All manned spacecraft have had seats in an "on-back" angle for launch. What is the benefit of this seating position for a manned spacecraft launch?
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The human body tolerates G-forces best if they're perpendicular to the spine.
When you apply a G-force along the spine, the blood will gravitate towards the feet, leaving the head starved of blood, which induces loss of consciousness. Having the head at the lowest position helps to prevent these blackouts.
3G is tolerable even if you're facing down, by the way. The seating position in capsules is chosen to support the body during landing (the forces in reentry and landing are larger than during launch).
let us take the shuttle
"Space Shuttle (takeoff): 29 m/s2"
which means 29/9.8 $/approx$ 3 In such a case the force acting on the body is would be tremanderous so if your seating position is in opposite direction the force is strong enough to crush your ribs(chest) and the broken bones from the ribs can even penetrate leading to death or it can causebreathing problem and even cardioc attack.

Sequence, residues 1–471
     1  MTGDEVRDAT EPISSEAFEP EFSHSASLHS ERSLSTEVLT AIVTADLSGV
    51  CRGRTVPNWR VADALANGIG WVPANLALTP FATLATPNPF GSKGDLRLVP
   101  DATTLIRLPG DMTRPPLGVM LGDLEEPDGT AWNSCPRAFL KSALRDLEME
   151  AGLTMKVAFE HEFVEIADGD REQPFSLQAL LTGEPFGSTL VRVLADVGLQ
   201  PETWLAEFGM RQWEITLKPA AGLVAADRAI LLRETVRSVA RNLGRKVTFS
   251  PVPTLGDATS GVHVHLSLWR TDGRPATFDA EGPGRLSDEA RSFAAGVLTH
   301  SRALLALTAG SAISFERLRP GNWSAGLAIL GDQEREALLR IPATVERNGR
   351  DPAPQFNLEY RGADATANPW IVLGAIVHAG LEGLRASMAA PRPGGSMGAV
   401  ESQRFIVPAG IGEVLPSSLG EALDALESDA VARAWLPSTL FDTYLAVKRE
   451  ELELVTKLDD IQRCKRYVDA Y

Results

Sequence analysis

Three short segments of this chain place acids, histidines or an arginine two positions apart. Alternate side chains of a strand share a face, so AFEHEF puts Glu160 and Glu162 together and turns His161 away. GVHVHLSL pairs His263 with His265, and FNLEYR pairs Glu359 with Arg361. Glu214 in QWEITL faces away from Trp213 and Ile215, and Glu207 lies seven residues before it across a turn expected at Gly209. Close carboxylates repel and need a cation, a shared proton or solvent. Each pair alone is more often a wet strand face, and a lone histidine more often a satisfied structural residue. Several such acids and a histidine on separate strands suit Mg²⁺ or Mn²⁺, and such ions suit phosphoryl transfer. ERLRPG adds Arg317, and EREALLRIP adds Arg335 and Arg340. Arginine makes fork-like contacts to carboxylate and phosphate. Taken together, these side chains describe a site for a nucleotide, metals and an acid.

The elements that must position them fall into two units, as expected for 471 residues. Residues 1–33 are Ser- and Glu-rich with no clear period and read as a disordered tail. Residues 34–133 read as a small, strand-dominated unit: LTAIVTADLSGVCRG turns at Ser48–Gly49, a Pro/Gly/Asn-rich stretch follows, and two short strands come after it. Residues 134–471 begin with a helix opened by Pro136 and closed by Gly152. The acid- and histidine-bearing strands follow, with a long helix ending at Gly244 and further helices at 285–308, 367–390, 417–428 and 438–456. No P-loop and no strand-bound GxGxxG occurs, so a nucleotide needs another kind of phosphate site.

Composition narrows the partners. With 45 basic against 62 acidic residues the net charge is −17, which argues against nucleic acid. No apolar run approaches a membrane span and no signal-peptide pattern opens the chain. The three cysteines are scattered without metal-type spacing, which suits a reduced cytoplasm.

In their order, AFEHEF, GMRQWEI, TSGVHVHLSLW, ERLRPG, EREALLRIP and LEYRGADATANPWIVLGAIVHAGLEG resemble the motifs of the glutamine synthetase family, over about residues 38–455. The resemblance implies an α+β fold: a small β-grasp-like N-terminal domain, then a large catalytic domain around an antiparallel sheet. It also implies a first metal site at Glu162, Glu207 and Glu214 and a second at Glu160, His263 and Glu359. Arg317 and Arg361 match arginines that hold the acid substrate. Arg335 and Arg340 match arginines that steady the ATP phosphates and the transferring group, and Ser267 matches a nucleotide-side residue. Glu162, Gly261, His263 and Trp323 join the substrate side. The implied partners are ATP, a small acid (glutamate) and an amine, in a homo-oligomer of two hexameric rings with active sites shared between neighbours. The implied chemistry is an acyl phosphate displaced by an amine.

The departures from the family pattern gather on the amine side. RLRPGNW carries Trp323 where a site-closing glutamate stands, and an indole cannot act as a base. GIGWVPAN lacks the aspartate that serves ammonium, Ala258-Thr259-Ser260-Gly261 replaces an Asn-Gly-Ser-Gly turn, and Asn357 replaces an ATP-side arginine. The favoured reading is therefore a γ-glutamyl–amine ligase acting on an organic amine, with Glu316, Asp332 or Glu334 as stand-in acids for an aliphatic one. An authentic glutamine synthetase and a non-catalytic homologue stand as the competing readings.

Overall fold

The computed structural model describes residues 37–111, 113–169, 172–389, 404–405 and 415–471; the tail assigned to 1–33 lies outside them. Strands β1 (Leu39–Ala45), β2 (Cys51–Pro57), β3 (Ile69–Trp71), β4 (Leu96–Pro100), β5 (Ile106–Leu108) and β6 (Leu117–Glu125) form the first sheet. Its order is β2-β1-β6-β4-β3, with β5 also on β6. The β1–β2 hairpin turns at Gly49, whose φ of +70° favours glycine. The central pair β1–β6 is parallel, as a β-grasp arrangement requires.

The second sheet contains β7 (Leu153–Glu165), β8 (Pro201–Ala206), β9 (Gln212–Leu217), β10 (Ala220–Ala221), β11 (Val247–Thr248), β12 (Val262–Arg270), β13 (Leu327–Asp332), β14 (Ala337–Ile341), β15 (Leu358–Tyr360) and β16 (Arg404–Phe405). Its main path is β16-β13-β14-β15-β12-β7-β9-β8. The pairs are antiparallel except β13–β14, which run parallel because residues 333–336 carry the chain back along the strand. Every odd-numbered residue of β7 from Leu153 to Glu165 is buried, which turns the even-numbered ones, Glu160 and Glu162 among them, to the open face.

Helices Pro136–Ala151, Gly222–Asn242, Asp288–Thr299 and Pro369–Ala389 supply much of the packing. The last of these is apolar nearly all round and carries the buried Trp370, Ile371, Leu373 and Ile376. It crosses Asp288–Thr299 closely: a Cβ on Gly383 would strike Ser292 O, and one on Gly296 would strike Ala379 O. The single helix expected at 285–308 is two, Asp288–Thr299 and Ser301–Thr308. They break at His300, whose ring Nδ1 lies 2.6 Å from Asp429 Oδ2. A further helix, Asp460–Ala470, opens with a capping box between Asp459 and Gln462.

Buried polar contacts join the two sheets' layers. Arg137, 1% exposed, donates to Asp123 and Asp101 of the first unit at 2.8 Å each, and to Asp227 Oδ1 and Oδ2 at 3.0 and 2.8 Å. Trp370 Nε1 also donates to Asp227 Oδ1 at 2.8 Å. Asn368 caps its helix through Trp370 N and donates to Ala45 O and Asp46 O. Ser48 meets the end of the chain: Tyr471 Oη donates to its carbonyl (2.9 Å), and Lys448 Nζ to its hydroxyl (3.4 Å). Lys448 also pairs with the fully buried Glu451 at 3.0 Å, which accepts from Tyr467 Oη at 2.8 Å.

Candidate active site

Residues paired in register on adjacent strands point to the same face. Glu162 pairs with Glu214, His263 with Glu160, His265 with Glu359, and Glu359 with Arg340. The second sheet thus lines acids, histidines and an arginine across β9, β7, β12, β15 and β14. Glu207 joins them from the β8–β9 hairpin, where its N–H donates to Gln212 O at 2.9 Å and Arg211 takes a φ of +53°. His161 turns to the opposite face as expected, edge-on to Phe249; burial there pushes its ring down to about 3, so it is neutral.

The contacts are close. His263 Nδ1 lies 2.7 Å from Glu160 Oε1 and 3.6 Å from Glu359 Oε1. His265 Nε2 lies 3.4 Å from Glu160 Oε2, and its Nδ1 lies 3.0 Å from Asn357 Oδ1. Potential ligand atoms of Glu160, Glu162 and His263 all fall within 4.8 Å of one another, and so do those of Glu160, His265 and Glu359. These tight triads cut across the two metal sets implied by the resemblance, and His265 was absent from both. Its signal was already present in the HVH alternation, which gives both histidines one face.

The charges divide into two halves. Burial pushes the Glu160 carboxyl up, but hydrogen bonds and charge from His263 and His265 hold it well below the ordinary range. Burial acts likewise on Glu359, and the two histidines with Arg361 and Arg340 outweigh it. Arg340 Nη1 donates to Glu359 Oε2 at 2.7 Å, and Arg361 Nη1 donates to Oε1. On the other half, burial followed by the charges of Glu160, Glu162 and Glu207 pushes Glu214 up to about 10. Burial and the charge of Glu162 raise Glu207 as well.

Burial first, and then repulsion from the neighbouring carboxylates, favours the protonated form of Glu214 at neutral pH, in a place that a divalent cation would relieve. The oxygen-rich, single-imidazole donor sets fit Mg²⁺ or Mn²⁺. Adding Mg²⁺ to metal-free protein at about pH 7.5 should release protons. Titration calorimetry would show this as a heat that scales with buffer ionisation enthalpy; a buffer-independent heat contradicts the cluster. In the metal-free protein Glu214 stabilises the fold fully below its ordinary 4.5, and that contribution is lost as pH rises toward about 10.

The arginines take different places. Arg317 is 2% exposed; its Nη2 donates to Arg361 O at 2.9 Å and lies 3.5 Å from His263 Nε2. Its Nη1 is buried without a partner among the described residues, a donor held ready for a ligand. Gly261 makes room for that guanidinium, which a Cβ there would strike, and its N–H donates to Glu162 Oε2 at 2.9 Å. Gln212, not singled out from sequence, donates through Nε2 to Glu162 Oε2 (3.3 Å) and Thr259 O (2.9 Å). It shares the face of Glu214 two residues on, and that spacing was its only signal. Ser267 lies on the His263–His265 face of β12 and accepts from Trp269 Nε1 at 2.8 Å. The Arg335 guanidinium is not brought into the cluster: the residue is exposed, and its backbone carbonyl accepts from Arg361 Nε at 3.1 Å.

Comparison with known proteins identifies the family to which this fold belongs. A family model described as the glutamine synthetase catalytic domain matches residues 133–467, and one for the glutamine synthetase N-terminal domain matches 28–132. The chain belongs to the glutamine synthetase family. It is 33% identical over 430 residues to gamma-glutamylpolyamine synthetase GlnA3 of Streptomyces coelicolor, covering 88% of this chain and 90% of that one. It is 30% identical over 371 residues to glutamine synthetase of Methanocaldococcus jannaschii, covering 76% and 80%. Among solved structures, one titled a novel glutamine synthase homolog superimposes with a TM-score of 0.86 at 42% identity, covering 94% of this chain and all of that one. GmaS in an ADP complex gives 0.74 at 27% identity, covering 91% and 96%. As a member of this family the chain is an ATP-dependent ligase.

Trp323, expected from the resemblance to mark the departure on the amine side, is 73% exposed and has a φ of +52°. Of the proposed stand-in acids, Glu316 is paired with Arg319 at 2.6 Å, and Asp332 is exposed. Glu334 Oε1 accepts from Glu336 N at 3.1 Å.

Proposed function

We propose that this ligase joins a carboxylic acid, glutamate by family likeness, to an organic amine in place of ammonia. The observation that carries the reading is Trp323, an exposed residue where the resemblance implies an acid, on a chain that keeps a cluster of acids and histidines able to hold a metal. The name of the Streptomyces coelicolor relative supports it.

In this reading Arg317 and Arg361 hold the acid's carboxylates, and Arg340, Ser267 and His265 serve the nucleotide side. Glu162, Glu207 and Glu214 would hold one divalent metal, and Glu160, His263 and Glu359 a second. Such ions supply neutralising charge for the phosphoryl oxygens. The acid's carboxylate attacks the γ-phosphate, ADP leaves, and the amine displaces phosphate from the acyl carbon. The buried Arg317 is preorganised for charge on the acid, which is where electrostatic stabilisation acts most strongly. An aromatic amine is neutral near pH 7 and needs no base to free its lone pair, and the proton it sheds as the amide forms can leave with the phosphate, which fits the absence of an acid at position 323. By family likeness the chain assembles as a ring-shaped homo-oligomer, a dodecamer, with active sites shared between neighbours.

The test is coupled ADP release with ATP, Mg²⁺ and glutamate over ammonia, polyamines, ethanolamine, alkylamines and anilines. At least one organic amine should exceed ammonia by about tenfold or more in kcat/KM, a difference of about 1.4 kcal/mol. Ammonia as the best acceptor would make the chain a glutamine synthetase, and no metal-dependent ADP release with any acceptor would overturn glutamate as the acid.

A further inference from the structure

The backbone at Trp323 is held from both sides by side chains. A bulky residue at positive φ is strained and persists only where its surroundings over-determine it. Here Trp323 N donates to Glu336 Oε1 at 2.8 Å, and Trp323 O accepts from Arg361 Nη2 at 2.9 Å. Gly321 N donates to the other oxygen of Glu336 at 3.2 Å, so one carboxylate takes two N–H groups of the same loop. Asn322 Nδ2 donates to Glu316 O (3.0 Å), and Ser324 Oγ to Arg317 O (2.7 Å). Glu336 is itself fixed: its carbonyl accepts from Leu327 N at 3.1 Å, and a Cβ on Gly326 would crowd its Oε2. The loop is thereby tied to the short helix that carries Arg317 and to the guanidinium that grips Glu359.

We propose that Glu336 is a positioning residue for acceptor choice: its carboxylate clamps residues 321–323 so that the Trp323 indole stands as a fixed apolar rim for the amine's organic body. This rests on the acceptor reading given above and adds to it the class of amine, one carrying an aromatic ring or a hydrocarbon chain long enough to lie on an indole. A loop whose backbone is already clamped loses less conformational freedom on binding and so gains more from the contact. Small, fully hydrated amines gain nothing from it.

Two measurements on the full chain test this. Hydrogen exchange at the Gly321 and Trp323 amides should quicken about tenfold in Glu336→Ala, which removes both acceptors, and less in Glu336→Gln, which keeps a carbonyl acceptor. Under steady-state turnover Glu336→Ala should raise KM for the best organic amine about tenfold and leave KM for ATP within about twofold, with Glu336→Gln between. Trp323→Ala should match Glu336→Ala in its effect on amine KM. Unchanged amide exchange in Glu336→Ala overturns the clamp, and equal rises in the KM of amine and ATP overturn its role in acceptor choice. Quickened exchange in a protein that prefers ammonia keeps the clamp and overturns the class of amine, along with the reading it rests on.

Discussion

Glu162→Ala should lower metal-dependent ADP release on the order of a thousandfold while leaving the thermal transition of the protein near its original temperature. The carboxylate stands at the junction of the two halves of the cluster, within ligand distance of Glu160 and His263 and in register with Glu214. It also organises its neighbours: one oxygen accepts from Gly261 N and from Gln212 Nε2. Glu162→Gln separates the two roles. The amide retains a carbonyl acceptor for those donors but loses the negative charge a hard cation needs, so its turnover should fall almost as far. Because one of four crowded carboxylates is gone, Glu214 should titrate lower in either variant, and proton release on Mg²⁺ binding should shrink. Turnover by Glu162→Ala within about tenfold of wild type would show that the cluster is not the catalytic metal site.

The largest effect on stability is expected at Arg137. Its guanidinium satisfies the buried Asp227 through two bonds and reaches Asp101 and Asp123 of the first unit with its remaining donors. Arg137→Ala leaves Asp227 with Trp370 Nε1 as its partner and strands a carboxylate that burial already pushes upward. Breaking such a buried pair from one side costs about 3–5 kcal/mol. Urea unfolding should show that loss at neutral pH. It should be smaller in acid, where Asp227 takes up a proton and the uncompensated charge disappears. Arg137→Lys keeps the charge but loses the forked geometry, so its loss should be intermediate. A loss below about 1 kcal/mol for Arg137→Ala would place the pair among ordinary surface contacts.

If the seating is on-back" angle for launch the much of the force during the accleration would be transfered to your back side of the body to the chair so less force felt by your heart
Interestingly, the Soyuz capsule has seats that change orientation at landing time.
They are mounted appropriate for absorbing G-Loads the best at launch. Then seconds before landing, the seats change orientation to prepare for better shock absorption of landing.
Apollo's seats had shock absorbers for landing, and required a certain depths for 'travel' which was an issue they has to consider when they designed the Skylab rescue Apollo for the worst case of a disabled Apollo at Skylab. They would need to carry at least 4 people, (one pilot up, 3 down, more likely 2 up so they could work as a team and three down) which meant 2 rows of seats, which the travel requirement caused issues with making it all fit.